The federal False Claims Act broadly prohibits anyone who does business with the federal government from engaging in fraudulent behavior. Accordingly, there are innumerable circumstances where such fraud may occur, and in which a Whistleblower may bring an action to expose the fraud and recover appropriate damages. An example of such fraud includes:
In the United States, Medicare fraud is a general term that refers to an individual or corporation that seeks to collect Medicare health care reimbursement under false pretenses. There are many different types of Medicare fraud, all of which have the same goal: to collect money from the Medicare program illegitimately. If you have information showing that a healthcare provider has committed fraud on a government healthcare program, such as Medicare or Medicaid, then you may be able to bring a qui tam lawsuit under the federal False Claims Act or similar state laws. Through the qui tam lawsuit, you would help the government recover money that has been paid as a result of fraudulent claims. Federal and state governments have recovered billions of dollars as a result of information provided by qui tam whistleblowers about fraud committed by hospitals, nursing homes, pharmaceutical companies, medical equipment/device suppliers, and physician practices.
Healthcare providers who submit claims to the Medicare or Medicaid system must provide various types of information and maintain certain specified records, in order to legally claim reimbursement. If a provider submits a claim for payment to which it is not entitled, or falsifies the documentation supporting the claim, then the provider may be violating the False Claims Act. Some common forms of Medicare and Medicaid fraud include the following:
Charging For Services Or Supplies Not Provided
The most basic form of fraud that a provider can commit is to submit claims to the Medicare or Medicaid system for services or supplies that the provider did not deliver to a patient or beneficiary.
Upcoding and Unbundling
Many medical procedures and supplies are billed to Medicare or Medicaid based upon “codes.” For example, office visits and medical procedures are often billed based upon what are known as CPT Codes. A common form of fraud is for a Physician’s practice, hospital, or other provider to render a particular service to a patient, and use a more expensive code in order to receive a higher monetary payment when billing for these services. This is known as “upcoding,” and is a form of fraud. Similarly, under the governing regulations, certain groups of related services or supplies must be “bundled” and billed under a single code. However, a provider may unlawfully obtain higher reimbursement by “unbundling” the services, and bill under multiple codes.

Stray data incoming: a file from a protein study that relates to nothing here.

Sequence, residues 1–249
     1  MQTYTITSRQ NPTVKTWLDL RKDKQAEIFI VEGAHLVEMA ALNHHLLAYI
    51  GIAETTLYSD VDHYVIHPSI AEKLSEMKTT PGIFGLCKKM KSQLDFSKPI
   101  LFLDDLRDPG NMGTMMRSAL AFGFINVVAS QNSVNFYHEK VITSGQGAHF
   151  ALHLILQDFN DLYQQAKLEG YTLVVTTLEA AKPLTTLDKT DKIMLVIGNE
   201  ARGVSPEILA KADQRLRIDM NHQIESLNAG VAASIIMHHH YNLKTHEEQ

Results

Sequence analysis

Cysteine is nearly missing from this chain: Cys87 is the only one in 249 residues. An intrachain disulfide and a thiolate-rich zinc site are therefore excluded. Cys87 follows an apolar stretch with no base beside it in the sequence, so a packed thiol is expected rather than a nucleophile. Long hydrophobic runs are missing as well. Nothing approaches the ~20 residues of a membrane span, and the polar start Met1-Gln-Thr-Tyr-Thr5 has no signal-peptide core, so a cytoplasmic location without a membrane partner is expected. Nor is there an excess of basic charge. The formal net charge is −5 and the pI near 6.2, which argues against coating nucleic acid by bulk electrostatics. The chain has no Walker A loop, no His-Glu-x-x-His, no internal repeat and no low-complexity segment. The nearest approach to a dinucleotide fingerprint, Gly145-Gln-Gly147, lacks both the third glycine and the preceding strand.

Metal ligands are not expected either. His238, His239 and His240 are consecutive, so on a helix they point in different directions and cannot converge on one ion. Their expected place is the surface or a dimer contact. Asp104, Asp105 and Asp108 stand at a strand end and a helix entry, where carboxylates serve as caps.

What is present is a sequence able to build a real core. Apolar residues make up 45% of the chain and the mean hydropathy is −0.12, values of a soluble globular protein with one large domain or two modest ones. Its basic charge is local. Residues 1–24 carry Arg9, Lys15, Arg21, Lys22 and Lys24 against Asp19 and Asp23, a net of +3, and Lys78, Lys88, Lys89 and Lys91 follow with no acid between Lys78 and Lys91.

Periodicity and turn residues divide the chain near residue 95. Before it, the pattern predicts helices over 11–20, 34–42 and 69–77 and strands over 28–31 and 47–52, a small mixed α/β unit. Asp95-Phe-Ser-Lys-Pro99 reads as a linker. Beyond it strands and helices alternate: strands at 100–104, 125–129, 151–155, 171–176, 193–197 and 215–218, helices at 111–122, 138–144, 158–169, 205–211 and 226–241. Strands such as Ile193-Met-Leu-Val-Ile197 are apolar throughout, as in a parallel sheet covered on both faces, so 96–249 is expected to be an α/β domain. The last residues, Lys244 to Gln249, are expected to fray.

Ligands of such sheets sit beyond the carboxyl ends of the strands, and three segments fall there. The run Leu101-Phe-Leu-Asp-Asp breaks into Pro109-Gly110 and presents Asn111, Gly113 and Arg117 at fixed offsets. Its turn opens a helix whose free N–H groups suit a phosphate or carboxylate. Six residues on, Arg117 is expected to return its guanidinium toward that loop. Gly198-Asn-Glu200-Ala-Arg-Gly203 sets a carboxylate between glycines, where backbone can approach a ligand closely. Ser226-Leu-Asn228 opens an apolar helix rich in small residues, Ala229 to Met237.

Falsifying or Failing to Maintain Records
Generally, Medicare and Medicaid will only reimburse a provider for services or supplies if those services or supplies are medically necessary. Applicable regulations require providers to maintain (or in the case of medical device suppliers), to obtain various forms of documentation, such as doctors’ orders or notes demonstrating medical necessity. If a provider or supplier either falsifies those records, or fails to maintain them as required by the regulations, then the provider or supplier may be committing fraud when it submits claims for payment to the Medicare or Medicaid system.
Off-Label Marketing By Pharmaceutical Or Medical Device Companies
Pharmaceuticals and certain medical devices must be approved by the Food and Drug Administration (FDA) before they can be sold to the public. Medicare and Medicaid regulations provide reimbursement for pharmaceuticals and medical devices when those pharmaceuticals or devices are used in the manner approved by the FDA. Companies that sell pharmaceuticals or devices, however, often unlawfully promote the use of their products for unapproved, or “off-label” uses, to increase profits. This off-label marketing leads to the submission of improper claims to the Medicare and Medicaid systems. Some of the largest healthcare fraud cases, including some cases that have settled for more than one (1) billion dollars, arose out of such off-label marketing schemes.
Unlawful Kickbacks or Financial Arrangements
A number of laws, including the Stark Law and anti-kickback laws, generally prohibit the payment of money or other financial incentives to doctors or hospitals in exchange for referrals, or for the prescription of particular pharmaceuticals or supplies. These rules are intended to assure that doctors and other healthcare providers make decisions for their patients based solely upon medical necessity, and not because of some unlawful financial gain. Violations of the Stark Act and anti-kickback laws can result in false claims when a provider submits a claim to Medicare or Medicaid, and the provider certifies that it has not violated these laws. Thus, if a healthcare provider is receiving kickbacks or is involved in an unlawful financial arrangement, the provider is often violating the False Claims Act, and could be subject to a qui tam lawsuit.
Cost Report Fraud
Hospitals and certain other types of healthcare institutions are required to submit cost reports to Medicare. These reports are used to calculate reimbursement rates under the Medicare programs. Accordingly, if a hospital manipulates its cost reports or falsifies the data in the reports, it can fraudulently obtain additional compensation in violation of the law.
The whistleblower complaint specifically claims that a document known as a “superbill” was placed in each patient’s chart at the wound centers prior to any visits. The superbill lists all procedures and corresponding billing codes. Physicians were supposed to “check off the procedures that were allegedly, but were in many instances not, done,”according to the lawsuit. Read More »...